Holocaust survivor Eva Kor signs a copy of her book for an admirer following her Oct. 30 lecture at Middle Tennessee State University. Kor told students about her survival in a Nazi camp during the Holocaust and answered questions about hate speech and anti-Semitism.
(Photo by Anthony Merriweather / The First Amendment Encyclopedia)
Eva Kor, the subject of a new documentary about her survival of the Holocaust, told students at Middle Tennessee State University recently that in an environment of hate speech, colleges could be the place to air ideas and “teach extremists.”
Kor’s comments about free speech came after a talk with students about her experience as a young girl in a Nazi prison camp. Kor underwent dangerous medical experiments with her twin sister under the direction of Dr. Josef Mengele.
“As long as there’s no violence and no call for violence, I think that colleges are maybe the appropriate place to air ideas and maybe even teach the extremists something,” Kor said, in answer to a question about the balance between hate speech and free speech.
“I think that yelling fire in a theater is not permitted so there are already certain guidelines,” said the 84-year-old Kor.
Both sides may not like the speech of the other side, but “that is what democracy is all about,” Kor concluded. “It’s a complicated organization to live in.”
Kor’s remarks about hate speech also came just a few days after a mass shooting at a synagogue in Pittsburgh that killed 11 people. Federal officials have charged the gunman with federal hate crimes resulting in death.
Campus speech is a tricky First Amendment issue, and many colleges have campus speech codes, even though courts have said such codes can violate the First Amendment.
In talking about the guidelines already laid out for free speech, Kor was referring to the clear and present danger test by Oliver Wendell Holmes Jr. which states that speech that creates a clear and present danger is not protected by the Constitution.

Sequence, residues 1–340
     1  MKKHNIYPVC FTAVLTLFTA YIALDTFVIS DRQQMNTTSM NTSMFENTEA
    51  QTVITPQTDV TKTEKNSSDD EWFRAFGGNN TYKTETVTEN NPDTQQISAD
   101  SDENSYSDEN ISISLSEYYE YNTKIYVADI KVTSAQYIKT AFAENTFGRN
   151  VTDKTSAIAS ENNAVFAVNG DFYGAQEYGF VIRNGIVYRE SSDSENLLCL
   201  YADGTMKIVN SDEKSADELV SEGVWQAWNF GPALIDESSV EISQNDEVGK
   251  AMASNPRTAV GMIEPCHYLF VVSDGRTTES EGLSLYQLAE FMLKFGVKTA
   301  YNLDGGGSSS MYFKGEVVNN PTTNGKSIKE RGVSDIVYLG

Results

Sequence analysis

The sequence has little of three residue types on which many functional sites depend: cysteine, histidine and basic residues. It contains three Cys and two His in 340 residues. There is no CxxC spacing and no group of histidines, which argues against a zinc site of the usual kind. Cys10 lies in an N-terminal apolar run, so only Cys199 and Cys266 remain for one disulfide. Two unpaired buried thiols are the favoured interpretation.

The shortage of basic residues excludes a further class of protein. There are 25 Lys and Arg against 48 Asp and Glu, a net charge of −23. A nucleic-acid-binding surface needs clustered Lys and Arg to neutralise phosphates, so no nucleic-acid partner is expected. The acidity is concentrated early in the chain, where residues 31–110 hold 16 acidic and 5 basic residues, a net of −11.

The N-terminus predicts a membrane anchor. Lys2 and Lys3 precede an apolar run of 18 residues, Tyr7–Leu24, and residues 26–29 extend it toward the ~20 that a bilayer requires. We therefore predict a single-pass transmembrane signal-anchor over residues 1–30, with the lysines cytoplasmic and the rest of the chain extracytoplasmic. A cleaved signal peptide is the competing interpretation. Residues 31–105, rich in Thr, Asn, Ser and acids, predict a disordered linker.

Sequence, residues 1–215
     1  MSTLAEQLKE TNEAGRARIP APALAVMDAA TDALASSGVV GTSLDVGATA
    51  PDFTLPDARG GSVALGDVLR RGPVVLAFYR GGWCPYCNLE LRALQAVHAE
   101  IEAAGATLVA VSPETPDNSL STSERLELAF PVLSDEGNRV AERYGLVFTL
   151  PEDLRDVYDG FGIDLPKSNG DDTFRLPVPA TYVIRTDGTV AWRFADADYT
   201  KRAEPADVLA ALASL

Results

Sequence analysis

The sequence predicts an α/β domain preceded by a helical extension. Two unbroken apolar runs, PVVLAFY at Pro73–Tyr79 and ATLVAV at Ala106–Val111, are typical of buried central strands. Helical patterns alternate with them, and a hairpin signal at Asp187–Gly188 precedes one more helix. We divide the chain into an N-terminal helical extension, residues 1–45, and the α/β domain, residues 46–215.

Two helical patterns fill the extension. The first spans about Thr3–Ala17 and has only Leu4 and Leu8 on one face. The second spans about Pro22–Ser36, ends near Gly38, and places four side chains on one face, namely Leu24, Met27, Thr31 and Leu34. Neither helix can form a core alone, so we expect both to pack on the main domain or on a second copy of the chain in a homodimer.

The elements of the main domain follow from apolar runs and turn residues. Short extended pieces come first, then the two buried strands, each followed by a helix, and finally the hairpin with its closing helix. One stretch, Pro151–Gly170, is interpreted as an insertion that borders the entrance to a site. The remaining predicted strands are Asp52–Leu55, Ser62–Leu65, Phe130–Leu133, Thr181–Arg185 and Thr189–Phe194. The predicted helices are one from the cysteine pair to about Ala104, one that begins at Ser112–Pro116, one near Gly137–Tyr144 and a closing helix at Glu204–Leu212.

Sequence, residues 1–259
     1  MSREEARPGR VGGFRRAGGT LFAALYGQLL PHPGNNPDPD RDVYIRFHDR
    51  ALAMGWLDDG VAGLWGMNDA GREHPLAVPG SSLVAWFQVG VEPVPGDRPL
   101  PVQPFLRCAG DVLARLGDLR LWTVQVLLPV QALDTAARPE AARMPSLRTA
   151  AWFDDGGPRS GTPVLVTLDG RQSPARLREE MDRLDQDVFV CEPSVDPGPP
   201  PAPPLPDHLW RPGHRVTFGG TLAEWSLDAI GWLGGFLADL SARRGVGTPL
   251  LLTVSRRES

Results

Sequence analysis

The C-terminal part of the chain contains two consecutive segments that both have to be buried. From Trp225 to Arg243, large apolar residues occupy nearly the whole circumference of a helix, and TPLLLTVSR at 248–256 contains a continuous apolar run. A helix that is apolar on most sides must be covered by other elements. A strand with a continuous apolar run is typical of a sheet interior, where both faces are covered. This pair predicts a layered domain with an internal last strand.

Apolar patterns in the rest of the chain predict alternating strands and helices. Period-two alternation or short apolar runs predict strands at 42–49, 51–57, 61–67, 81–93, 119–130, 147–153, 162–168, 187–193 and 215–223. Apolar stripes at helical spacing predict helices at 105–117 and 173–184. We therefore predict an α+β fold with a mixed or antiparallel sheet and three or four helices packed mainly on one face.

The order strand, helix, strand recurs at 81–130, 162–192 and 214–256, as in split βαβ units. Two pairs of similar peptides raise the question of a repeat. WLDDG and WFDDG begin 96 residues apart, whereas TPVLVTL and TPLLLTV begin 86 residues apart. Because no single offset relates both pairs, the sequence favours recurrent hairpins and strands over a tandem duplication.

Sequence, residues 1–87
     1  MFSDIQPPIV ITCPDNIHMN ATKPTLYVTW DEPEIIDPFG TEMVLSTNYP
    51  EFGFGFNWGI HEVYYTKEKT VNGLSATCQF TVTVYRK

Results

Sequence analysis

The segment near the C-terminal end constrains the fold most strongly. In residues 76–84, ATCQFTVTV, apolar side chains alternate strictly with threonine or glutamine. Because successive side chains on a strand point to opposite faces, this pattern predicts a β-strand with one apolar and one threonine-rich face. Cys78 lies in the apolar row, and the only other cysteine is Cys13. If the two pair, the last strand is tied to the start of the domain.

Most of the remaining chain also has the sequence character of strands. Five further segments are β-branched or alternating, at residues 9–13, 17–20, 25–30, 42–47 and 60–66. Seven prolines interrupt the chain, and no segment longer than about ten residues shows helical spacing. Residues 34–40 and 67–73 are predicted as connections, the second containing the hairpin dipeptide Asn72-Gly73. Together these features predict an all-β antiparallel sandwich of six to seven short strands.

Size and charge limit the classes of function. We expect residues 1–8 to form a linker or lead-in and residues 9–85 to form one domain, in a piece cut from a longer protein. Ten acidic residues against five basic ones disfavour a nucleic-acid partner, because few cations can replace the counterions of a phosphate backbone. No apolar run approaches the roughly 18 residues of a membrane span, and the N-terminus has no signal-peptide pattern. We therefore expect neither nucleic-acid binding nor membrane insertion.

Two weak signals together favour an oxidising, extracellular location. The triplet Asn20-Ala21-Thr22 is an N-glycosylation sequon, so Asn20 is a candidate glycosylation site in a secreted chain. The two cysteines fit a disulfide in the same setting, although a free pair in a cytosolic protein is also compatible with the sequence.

Kor described to students how even after she moved to the United States, she encountered anti-Semitism. Throughout Kor’s life, she has countered hate speech directed at her by telling her story.
In Terre Haute, Indiana, she was terrorized by the local schoolchildren for 11 years because she was different, she said.
The children painted swastikas on her house and threw bricks at her roof. Even her son was ashamed of her, she said.
“They made my life a pure hell on earth,” she said.
She believed she knew that if she could tell the children her story, they would leave her alone.
Then, in 1978, NBC aired a miniseries called “Holocaust,” starring Meryl Streep, which students were assigned to watch and report on for a class project.
After the miniseries, Kor appeared on the local news to share her Holocaust experience as a child. It was this appearance that changed how the students saw her, Kor said.
She was invited to talk to children in classrooms, and she has never stopped.
One of the life lessons she shares is the importance of fighting prejudice and anti-Semitism.
“Prejudice is equal to hatred,” she said. “It gives people an excuse to hate.”
She called anti-Semitism the oldest prejudice and hatred in the world.
The Supreme Court has struck down laws that have restricted offensive, hateful speech such as anti-Semitic speech, including in the landmark case, Village of Skokie v. National Socialist Party of America (Ill) (1978).
In that case, the National Socialist Party of America (NSPA) requested permission to hold a demonstration in Skokie, Illinois. The majority of the population of Skokie was Jewish, and many were Holocaust survivors. The town tried to stop the demonstration, but the Illinois Supreme Court ruled that the NSPA had a First Amendment right to demonstrate.
Ashley Perham is a student web content editor for The First Amendment Encyclopedia at Middle Tennessee State University.